All change?

railway-points

There is currently one political story in town – and it is not the local elections. The forthcoming EU referendum is dominating the news agenda and, as Janet Sillett points out, the result will have widespread ramifications for local authorities, the services they deliver and the devolution agenda. Councils must make sure that the voice of local government is listened to as the debate rumbles on.

What will local government look like in two years time? In five years? In twenty? Of course that is impossible to answer. There is so much going on, so much changing – devolution, the EU referendum, the radical changes to local government finance – the only certainty is that nothing is certain.

Can we make some sense of what is happening in localities? As more areas are putting forward their proposals there seems to be a shift in the debate from what should be devolved to how and what structures are needed. Clearly not every area is turning out as straightforward as Greater Manchester. Oxfordshire has highlighted some of these difficulties with two bids on the table – the four districts bid with new unitaries forming a combined authority and the county council abolished and the original one based on the county council. Alternative bids are appearing in other areas and individual councils are withdrawing from proposals. Where there are boundary issues involved (as in the new Oxfordshire proposal) public interest will no doubt be higher and the issue more contentious. Is this reorganisation by the back door?

Reorganisation has always been difficult and divisive. But this is even more complex given the devolution deals on offer, the continued enthusiasm by ministers for elected mayors, and the debate over whether shire areas will be getting a weaker deal than the cities. There is a sense of divide and rule – or at least some counties and districts may perceive that to be the case.

The flexibility to match new arrangements with the particular circumstances in localities is welcome, but balancing local solutions with a degree of coherence across local government isn’t going to be easy. Constant change would be counter-productive. Having a patchwork across England with no sense of there being a framework within which individual solutions can exist looks unsustainable.

Heather Jameson in MJ puts it like this:

“The clarion call of local government reformers throughout the years has always been that if you were starting from scratch you wouldn’t design local government like this. This is the chance to design from scratch – across the whole of public services.

Uniformity is not the answer – but we need a cohesive vision of the future”.

Where does any of this fit into the debate around the EU?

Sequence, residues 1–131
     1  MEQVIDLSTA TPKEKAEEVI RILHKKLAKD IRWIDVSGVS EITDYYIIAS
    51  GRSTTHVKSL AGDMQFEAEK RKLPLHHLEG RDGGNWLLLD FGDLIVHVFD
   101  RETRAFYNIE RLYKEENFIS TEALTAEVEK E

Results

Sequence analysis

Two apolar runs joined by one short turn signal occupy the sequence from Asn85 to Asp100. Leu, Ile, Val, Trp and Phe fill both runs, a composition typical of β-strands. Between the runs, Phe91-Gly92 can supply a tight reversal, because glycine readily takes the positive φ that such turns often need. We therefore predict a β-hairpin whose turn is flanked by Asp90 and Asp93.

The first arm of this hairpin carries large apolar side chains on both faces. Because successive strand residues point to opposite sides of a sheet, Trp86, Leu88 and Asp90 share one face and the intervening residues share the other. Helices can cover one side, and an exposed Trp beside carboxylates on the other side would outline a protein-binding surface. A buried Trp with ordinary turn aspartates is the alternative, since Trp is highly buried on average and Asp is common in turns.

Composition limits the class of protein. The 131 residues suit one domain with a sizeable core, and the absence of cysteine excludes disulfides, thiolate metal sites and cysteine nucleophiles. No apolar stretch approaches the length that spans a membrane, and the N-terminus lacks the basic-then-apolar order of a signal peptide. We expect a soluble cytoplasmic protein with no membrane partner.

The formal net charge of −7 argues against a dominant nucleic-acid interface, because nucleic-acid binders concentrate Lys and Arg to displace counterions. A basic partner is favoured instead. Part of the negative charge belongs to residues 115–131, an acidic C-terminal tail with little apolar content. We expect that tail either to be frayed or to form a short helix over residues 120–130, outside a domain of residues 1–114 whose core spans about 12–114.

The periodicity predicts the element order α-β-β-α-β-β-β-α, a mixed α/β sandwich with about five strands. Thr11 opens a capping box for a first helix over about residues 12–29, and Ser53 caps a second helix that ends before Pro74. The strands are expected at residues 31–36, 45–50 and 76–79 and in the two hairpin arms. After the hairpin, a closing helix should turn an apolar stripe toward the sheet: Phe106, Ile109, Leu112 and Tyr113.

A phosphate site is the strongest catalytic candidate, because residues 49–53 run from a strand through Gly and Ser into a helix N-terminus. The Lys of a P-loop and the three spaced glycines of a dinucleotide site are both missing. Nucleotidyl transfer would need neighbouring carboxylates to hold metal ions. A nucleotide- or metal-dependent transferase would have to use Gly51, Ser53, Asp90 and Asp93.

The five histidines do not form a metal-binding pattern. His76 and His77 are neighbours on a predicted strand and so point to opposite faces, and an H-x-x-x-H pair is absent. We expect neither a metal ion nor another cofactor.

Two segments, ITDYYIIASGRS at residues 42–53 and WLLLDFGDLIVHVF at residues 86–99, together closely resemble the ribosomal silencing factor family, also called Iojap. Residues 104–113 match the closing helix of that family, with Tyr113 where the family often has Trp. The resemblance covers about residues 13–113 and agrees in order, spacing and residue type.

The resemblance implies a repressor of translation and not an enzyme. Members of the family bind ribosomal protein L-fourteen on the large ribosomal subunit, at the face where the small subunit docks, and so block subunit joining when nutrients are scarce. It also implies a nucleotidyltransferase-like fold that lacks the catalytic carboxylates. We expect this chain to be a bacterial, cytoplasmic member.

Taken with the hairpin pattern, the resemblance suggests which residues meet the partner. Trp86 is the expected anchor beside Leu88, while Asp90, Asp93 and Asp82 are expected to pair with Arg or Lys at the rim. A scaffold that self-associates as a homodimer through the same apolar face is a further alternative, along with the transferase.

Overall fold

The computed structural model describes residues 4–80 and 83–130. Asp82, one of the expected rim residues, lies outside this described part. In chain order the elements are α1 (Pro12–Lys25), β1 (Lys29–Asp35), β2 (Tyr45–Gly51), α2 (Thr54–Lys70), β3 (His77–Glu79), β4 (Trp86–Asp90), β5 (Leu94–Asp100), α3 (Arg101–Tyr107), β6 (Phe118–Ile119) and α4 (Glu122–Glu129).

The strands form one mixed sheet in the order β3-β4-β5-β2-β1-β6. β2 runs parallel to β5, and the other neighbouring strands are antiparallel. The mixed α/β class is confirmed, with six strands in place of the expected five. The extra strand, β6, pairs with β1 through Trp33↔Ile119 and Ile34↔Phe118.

The EU referendum creates uncertainty, which will add to the uncertainty the devolution agenda generates. But more than that is the question of subsidiarity and decentralisation.

The EU referendum is already dominating the political agenda. Local government, however, has not featured yet – in the negotiations or in the national debate. Will that be changing? The result of the referendum will be hugely significant for local authorities. Local economies, employment, migration, public service delivery and procurement, and regulation are all fundamentally affected by the EU. Subsidiarity is at the core of the EU but in the referendum debate it seems to have been limited to the relationship between the EU and national governments.

It isn’t too late though to ensure the voice of local government is heard – not necessarily over whether we should remain in the EU or leave – but by raising issues around localism, local self-government and subsidiarity. These are issues across Europe, not just for the UK. And the debate itself should be an opportunity to underline that political sovereignty is about the local as well as the national. As underlined by Councillor Gordon Keymer, leader of Tandridge DC in Surrey and president of the Conservative and Reformists Group (MJ):

“The implications of being in or out are the greatest importance to local government.”

But he added it was also an opportunity for EU member states to review the EU’s relationship with its own localities.

“Perhaps the most obvious case is with devolution. Are powers really being devolved down to the levels closest to the people? Is adequate funding obtainable to run the services on which our residents rely? Local government must make sure its voice is heard not just in the UK but the whole of the EU.”

LGiU Chief Executive Jonathan Carr-West also pointed this out in the MJ:

“It’s also important to remember that political sovereignty sits at local as well as national level and is therefore compatible with continuing membership of the EU. Indeed the focus on national sovereignty within the debate could be seen as a challenge to local autonomy.”

It is far too early to say what the effect of devolution will be on England as a whole – and because it is an ongoing process, it may be impossible to answer this anyway. But the sector does need to think about what local government willlook like in a few years time, what the political impact will be and what will alter in the relationship between the centre and the local. We also need to ask if Brexit would shift the local and national dynamics. If we stay in the EU will a new generation of elected mayors have more status and influence here and within the EU and its institutions than we seem to have now as a sector?

Interesting times indeed.

Janet Sillett is LGiU’s Briefings Manager.

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